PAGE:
My photography class is getting an amazing opportunity. We're getting free tickets to our local AA baseball team's home game on Monday night. The best part?We’re getting press passes to be able to shoot from the dugout!!! This is just awesome and I would never have this chance unless I was in this class. The managing agent even suggested that we might be able to have our photos published in their marketing material....of course only if their good enough On top of all that, we will be able to work with their part-time and volunteer photogs that shoot all of their material. Talk about awesome!
So with all of that, I need help with action shots!! I've never shot sports or anything faster than my moving daughter. Gigi, I know you've done some amazing action photos, what are you suggestions for me? I'll be shooting from the stands (not sure where in the stands yet) and from the home dugout.
Any help, pointers, suggestions, links to more information would be GREATLY appreciated!
Not Gigi and certainly haven't mastered action shots, but I would suggest trying to get behind 1st base if possible. What a fun opporunity!!!
Beth... mom to Andrea 7-26-97, Gavin 10-16-01, Kade 5-25-08 and Bentli Grace 09-09-09.
fast shutter speed! if you have to up your ISO, then do it. I'm not good with specific settings for action, I'm sure GiGi can give some good pointers. can't wait to see the pictures, that's so cool!
Gwen, Mommy to Andrew, Jordan, Natalie & Jack
My blog - all things family, photography and crafty
Exciting, and scary! LOL we've had seats right next to the photographers 2x at the Pittsburgh Pirates games---and both times, one of the photographers and/or their equipment got hit with a flying bat
But I took a pretty decent action shot of the Pirates pitcher from where we were, with my Fuji at the time, and I was happy with it. I wish I'd known how to open the ap at the time though, so the close crowd was a little more blurred behind him as he pitched.
YES very fast SS and trigger finger needed. Use the setting that takes 3 shots right in a row (I forget the name of it at the moment), that's useful also. But try to predict what's about to happen so you can be ready to fire.
Last edited by Amy_&_Eva; 06-22-2010 at 02:46 PM.
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a fast, long lens is a must for sports photography. but don't panic if you don't have that. (*I* don't have that.)
fwiw, all of my soccer photos are taken w/ my 18mm-200mm VR lens. If you have VR/IS, that makes hand holding a lot easier. If you don't have a VR/IS lens, then you probably want to think about a tripod or monopod (that seems to be preferable for most sports photog).
I haven't done any baseball photos myself, but I have a friend who specializes in it. Pitchers expressions as they pitch make GREAT subjects. I think the 'holy grail' of baseball photography is trying to get a shot of a batter connecting with the ball. Using a burst mode for shooting can really help. I don't use it a lot for soccer, but that is because the action moves around so much that my focus points would be no good. Baseball players tend to stay more in a single plane at a time.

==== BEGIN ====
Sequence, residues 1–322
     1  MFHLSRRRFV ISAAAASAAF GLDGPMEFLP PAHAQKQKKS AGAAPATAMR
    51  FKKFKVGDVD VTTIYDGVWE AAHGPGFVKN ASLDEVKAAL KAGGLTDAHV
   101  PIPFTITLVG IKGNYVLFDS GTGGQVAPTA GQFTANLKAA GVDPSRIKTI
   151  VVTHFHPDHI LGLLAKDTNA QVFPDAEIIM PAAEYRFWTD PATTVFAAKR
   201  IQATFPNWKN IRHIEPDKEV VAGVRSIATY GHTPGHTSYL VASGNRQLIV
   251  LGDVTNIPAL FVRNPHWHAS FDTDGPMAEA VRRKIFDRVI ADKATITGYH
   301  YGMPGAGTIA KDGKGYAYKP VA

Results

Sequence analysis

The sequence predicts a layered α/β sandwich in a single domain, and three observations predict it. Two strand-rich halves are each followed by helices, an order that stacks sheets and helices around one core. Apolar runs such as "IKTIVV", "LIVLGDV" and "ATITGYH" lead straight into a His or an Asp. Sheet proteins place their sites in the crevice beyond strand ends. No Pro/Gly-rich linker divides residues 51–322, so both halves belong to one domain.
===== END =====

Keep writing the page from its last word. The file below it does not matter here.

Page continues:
I keep my shutter speed at or above 1/200. For baseball (if you want to be able to see the ball), you may need an even faster speed. If this is a night game, you are probably going to have to use a fairly high iso to keep your ss up that high. A shallow DOF will isolate individual players and really make them pop. I try to do this w/ my judo photos as the backgrounds are ALWAYS distracting.
What kind of lens will you be taking to the game? With sports photography, I find it's a lot about anticipating what will come next. Look for players as they come into home plate. Watch the pitcher as he is checking off the bases. Coaches can also make good subjects - the hand signals, the emotion.
HTH some. Let me know if you have any specific questions.
I can't wait to see what you come back with!
I'm getting more and more excited about this!
Amy, don't scare me, girl! I can't take my equipment getting hurt. I hope I get hit before my camera does.
I'm thinking about renting the 70-200mm f/2.8 IS. It's only $30 for a day rental. I figure this will probably be a lot better than my 75-300 f/4-5.6 III, considering it's a night game. Is this a good choice? I've looked through the list at my local camera store and that seems to be my better option.
Our teacher said to not worry about a tripod or monopod, I'm wondering if I should rethink that and just take it anyways. I'd rather have it and not need it than need it and not have it. Plus, I have no clue what this 70-200 lens looks or feels like. I might get tired after a half hour
I don't know where our seats will be. I'm sure the ballpark is going to put us somewhere that we can get great pictures because they know we're photography students...or I hope!
So, higher ISO, faster shutter speed, and try to anticipate the action. Whew, I'm sure I'll screw up at some point.
the most action Ive shot was t-ball lol and yeah I agree with the increase SS.. Good luck! Sounds like fun and a great opportunity. Ill cross my fingers that you can get some shots to publish. That would be fantastic
That lens should do quite well in those conditions! WOO HOO! With the IS, you probably don't need the tripod/monopod, but if it's not too much hassle, what's the harm in taking it?
Open your ap up when you focus on an individual player and that will really help to isolate him from the rest of the busy backgrounds you get in sports. Do what ever is needed with your iso to insure that you still have a high shutter speed, even with an open aperture.
Mostly ... have FUN! Shoot the things that YOU like about the game, the experience of the ball park. If you are allowed to get there early, try moving around a bit before crowds get tight to get a feel for the best angles.
I am truly jealous about this experience for you and can't WAIT to see what shots you get.